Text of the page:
tommy didn't seem either surprised or particularly interested in seeing jake. he handed him the small suitcase, so jake supposed there couldn't be anything too valuable in it, probably just a change of clothes. it was light.

"how's it going, boyo?" tommy asked jake, as if they saw each other every day, instead of just once or twice since jake got out.

"great, tommy, great. keeping out of trouble."

"glad to hear it." tommy's eyes scanned the lobby when the door closed behind them.

the lobby was empty. even the regulars like "farmer" brown and miss charlton were not in their usual chairs under the potted palms, but probably in the prince hal room.

nolan, the house detective, was somewhere else too.

"keeping out of trouble, that's what i'm doing myself," tommy added. then, in a lower voice, with a glance over at roland, "don't call me tommy, i'm registered as charles mclaughlin."

"sure," jake agreed. then, a little louder, "sorry, sir, i thought you was someone i used to know."

if roland was paying any attention to this, he gave no indication of it.

tommy stepped over to the desk, with jake behind him.

"good evening, sir," roland intoned in his sleepy but polite voice. "do you have a reservation?'

"yes, charles mclaughlin, from binghamton."

"mister mclaughlin, of course. i believe you are in room 406. yes, 406." roland produced a room key. jake stepped up and took it.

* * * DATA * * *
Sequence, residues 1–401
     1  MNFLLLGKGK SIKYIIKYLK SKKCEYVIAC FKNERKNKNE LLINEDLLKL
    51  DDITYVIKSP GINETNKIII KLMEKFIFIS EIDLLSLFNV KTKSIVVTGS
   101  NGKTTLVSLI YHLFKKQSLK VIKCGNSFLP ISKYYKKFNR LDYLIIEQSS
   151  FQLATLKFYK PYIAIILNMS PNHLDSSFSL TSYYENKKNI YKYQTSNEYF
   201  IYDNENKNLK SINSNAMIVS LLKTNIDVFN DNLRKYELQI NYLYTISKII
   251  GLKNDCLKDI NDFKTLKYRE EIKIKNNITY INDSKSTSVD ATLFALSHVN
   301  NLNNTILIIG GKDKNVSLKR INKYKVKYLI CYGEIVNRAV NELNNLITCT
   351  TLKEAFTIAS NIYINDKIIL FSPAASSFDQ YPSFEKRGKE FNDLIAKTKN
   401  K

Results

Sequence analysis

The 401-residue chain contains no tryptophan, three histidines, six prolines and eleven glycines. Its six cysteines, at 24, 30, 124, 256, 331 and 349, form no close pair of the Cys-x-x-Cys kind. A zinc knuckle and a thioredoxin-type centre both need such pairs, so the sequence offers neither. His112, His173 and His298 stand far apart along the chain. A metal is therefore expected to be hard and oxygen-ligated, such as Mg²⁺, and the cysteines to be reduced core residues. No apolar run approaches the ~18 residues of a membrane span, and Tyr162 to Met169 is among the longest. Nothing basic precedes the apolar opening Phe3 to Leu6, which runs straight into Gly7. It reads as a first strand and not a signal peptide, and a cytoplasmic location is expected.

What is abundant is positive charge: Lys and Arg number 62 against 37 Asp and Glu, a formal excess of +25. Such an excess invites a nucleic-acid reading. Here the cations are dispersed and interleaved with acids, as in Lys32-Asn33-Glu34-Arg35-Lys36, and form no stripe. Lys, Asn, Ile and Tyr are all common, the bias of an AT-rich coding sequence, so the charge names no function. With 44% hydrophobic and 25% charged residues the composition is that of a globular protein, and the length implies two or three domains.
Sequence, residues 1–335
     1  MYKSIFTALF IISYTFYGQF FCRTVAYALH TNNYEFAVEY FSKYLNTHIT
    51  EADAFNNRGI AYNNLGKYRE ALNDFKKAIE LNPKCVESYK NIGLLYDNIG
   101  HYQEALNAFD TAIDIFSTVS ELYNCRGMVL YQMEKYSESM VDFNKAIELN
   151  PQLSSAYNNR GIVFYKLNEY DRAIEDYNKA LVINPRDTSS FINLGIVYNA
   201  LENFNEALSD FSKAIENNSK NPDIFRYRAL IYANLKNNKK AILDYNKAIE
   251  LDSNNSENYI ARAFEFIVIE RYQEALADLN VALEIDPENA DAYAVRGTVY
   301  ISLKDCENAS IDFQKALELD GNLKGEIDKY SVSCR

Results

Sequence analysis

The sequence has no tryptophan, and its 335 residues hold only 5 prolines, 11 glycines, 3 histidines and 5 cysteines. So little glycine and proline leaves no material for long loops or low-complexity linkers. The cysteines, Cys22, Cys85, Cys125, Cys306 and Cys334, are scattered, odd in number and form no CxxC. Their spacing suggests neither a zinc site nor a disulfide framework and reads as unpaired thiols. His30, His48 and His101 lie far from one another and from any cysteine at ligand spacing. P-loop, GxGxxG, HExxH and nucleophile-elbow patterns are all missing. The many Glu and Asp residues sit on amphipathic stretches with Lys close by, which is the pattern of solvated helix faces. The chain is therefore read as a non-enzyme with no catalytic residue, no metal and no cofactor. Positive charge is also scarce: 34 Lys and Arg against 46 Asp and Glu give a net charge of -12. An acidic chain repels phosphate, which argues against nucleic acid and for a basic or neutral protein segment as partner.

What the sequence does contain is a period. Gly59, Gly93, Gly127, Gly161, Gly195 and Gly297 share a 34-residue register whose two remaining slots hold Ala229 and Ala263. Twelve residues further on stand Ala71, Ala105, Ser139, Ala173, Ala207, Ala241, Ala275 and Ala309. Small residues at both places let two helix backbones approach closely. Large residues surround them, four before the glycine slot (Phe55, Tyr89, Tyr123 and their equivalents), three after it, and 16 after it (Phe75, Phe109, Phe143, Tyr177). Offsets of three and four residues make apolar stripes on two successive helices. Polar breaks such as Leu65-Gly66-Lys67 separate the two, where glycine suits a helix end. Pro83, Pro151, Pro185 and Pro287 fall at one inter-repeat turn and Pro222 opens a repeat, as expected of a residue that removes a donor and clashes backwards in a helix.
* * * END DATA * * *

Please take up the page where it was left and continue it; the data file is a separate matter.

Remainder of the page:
"a couple of associates of mine also booked rooms - maybe one room together?" tommy asked roland. "mister williams and mr stanley."

roland looked down at his register. "yes, they are in room 407, right across from you. they arrived this afternoon."

"perfect, perfect. now if i can just sign in?"

"of course, sir."

tommy signed in, and then he and jake made their way across the lobby to the elevators.

mortimer was on his stool outside the elevator. as they got into the elevator he started his usual spiel, without mentioning having ever seen tommy before, so jake supposed he never had.

"a beautiful night, sir, even with the snow, don't you think? i always think the first snowfall has something beautiful about it, like seeing a baby born."

tommy laughed at mort's observation with his big tammany hall type grin. "indeed," he answered.

"you from around here, sir?" mortimer asked.

"i'm from binghamton."

"binghamton! but i bet you was born around west 49th street. i'm pretty good at spotting accents."

tommy grimaced slightly. "ha, ha, very good! yes, i was, but i moved up to the sticks when i was just a little tyke."

"i can spot more different accents than carter's got little green pills."

the old elevator made its slow way up to the fourth floor. jake decided to play it like he had never seen tommy before.

"say, mort," jake asked. "you getting off any time soon?"

"in about an hour, why?"

"i thought i might get a game going later. it is thursday night."

mortimer understood that this was jake's way of letting the guest know about the game. "maybe. i might have to get home."

"a game?" asked tommy. "i hope you mean a poker game."

"what else?" asked mortimer.

"i'm glad to hear that. because i hate to see white boys playing dice."

they reached the fourth floor and tommy and jake got off.

"enjoy your stay at the crispian, sir!" mortimer called after them. tommy waved back to him without looking around.